REVIEW: Killfile Wars # 3

Jesse Willey cabbagewielder at
Thu May 25 11:28:08 PDT 2006

>    I think the kind of chaos that's going on in this
> installment, all the different plot threads, et
> cetera, would work better in film or in actual
> comics;
> in prose, it strikes one as a little aimless.

   Trust me... it is all going somewhere...

>    There is a strong central line-- one of the
> remaining Ultimate Ninja seeking vengeance against
> Delilah, who murdered the one-handed UN in KW # 1. 
> But I think it's seriously dilluted by the clutter
> of subplots.

    You know... early stories (the first drafts of
Teenfactor which I had up till about a year ago)  she
was called Deliah... then in the actual posted
versions it was Delilah.  I used the drafts I had
saved whenever I wrote her.  I have a not-quite cop
out excuse for the name change.   I will get to it
soon.   Probably in an epilogue to KW that I'm already
plotting for ABC #6.   

>    Granted, this is a conscious choice on Jesse's
> part
> and, again, at this time in the story, I can't quite
> fault him.  At the same time, the subplots in the
> last
> two issues kind of kept to the side, allowing a
> central line (especially in the second issue, the
> funeral) to emerge unhindered.  Here, I think what
> would be a compelling central line-- Ninja, Avenge
> Thyself!-- suffers from underdeveloped plotting and
> an
> over-reliance on variant threads.
  You never know.   Somebody (maybe even me) may use
Barney the Security Guard again.  Then who'll be
laughing at me for wasting space... hmm?

>    While the Ninja has killed people in the past
> (after all, he does have the HeartThrob manuever),
> and
> he's not a hero in the same sense as, say, Kid
> Kirby--
> he's a darker hero, he's a ninja for chrisssakes--
> he's still a hero, Jesse.

   One could argue that any form of killing, even in
self-defense, negates the right to call oneself a
>    And heroes *don't* murder people.
     If you look at it from another standpoint there
were many times when there was a way around having to
kill somone.   Considering some of the Ultimate
Ninja's teammates and his position as leader of the
team where he could assign anyone he wanted including
incredibly powerful members like Deja Dude or
Anything-You-Can-Do-I-Can-Do-Better Lad. He could have
placed them on a mission where they could have
resolved the mission without a loss of life. He could
have contained the situation and not killed anyone. 
Instead he chose to take it upon himself to end
another person's like.   He chose to do it.  He has
already committed murder.   This is no different than
his previous action only he's no longer even bothering
to disguise his actions.     

>    Even if you accept the Ninja as a traditional
> action hero instead of a superhero, in which case he
> has a different code... he still has a code.  He's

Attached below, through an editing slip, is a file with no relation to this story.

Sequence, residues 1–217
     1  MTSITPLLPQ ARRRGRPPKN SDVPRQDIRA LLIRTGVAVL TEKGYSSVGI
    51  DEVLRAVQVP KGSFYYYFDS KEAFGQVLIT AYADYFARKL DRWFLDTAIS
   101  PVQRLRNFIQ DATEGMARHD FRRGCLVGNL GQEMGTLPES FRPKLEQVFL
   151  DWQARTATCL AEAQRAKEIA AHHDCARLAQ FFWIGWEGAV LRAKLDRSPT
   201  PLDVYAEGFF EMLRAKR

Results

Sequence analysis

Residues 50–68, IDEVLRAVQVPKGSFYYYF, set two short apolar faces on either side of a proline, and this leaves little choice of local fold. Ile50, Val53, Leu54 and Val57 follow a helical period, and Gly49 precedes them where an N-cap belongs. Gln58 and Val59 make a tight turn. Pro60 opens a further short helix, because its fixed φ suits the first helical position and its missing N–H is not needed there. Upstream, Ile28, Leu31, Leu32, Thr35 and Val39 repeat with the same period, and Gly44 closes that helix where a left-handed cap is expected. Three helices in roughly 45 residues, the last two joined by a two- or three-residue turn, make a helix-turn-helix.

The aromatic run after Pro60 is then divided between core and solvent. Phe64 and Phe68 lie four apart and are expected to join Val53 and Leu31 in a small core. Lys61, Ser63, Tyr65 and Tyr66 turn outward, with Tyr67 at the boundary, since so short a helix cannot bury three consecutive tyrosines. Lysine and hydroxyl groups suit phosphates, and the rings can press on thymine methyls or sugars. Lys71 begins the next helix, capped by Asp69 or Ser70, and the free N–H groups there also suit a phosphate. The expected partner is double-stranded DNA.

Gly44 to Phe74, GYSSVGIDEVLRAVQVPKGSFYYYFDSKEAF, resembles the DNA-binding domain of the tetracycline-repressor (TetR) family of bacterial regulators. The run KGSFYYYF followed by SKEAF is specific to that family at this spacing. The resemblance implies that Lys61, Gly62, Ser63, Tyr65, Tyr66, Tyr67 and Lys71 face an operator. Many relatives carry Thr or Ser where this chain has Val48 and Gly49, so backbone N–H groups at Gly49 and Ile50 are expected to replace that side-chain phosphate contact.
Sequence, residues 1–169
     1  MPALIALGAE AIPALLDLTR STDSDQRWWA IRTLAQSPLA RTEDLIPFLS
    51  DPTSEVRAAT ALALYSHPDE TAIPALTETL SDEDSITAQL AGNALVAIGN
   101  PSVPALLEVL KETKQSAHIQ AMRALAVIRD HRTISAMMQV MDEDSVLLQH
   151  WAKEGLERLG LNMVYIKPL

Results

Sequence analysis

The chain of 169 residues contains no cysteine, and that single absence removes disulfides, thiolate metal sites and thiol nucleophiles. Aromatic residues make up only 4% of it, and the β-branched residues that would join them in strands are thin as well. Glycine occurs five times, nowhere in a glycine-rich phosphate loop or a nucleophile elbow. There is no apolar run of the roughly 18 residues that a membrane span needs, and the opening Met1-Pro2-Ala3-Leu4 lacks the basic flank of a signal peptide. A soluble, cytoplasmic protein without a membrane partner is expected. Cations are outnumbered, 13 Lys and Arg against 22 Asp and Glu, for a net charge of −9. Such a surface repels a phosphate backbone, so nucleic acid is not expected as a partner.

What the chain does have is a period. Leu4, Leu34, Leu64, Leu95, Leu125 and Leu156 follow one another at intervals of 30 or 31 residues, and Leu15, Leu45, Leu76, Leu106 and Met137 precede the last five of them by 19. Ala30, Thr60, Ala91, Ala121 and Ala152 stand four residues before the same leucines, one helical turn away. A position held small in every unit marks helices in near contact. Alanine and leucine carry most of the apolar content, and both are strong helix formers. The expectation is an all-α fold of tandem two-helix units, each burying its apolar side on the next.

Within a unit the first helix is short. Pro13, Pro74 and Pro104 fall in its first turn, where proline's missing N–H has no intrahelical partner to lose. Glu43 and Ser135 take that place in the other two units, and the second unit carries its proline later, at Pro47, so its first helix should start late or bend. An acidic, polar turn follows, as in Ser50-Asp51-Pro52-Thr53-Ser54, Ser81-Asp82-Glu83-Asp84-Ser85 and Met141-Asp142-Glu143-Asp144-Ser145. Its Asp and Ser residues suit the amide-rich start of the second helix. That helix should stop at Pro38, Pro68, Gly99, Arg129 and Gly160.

> not
> going to take a human life _in the way that you
> describe_.  Maybe a battle to the death, katanas
> clanging.

  I was going for a more ninja approach.  Not pop
culture ninja but real ninja.  Ruthless, efficent, and
the only code is get the job done.      
> -- but he's not an instrument of justice in this
> case.
>  He's an instrument of sick, twisted,
> I've-seen-SAW-too-many-times vengeance.

  Thus the whole thin line debate.   Where does justic
end and vengeance begin?   Is there even a difference?
 Is what we call justice merely revenge with a written
set of rules that people agree to follow?  Personally,
I think these are all important questions.

>    And, you're right, by these actions, he's not a
> hero.  But guess what?
>    He's not the Ultimate Ninja, either.

  If you want to get TECHNICAL Ninja just did
something that WOULD have killed her.  Until she
release Doctor Killfile who vaporized her.

>    Now, just because I don't like it, doesn't mean
> that others don't, and, sure, there is room for
> juvenile cynicism masquerading as serious literature
> in superhero fiction.  Hell, there's room for it in
> the LNH.

  I don't consider cynisism to be juvenile.   I have
nothing again optimism either.  Whatever floats your
boat.   If anything I consider myself a bitter
optimist.  I'd like the world to be a great and
wonderful place.   I just think that it isn't going to
happen.  At least not for me.   There are good people
and bad people and sometimes neither are what they
appear to be.   

>    As the story stands, he's no better than the
> Killfiles.  Which, I know, is Jesse's point.  I
> understand that.  It just seems to me to be an
> asinine
> and unimaginative point to make.  No offense, but it
> takes no mental effort to show the emperor has no
> clothes.  It takes much more of an author--
> mentally,
> emotionally, spiritually-- to hug the naked guy. 

  I know what you're saying.  I'm just hugging a
different naked guy and drumming up a little sympathy
for the devil.  

>    I'd much rather Jesse spend his time making
> points
> that are worth making.

  The point is simple.  All people are assholes.  
You, me, the guy who works at the 7-11 down street,
everybody.  Nobody really thinks of themselves in
terms of good and evil.   Ninja and Del both whole
heartedly believe in what they're doing.  Everyone
  If you look at super hero comics, they have always
reflected the politics of the time.   From Superman
punching Hitler, Supemrman's 1964 meeting with JFK
(miraculous, huh?), Ollie and Hal's road trip and even
the later part of the President Luthor storyline. How
does one tell a super hero story in a world where
everyday on the news that world where the countries
that we've been taught from almost day one is supposed
to be the good guys are going after people using the
same tactics?   From that point of view, the story
telling technique works.     

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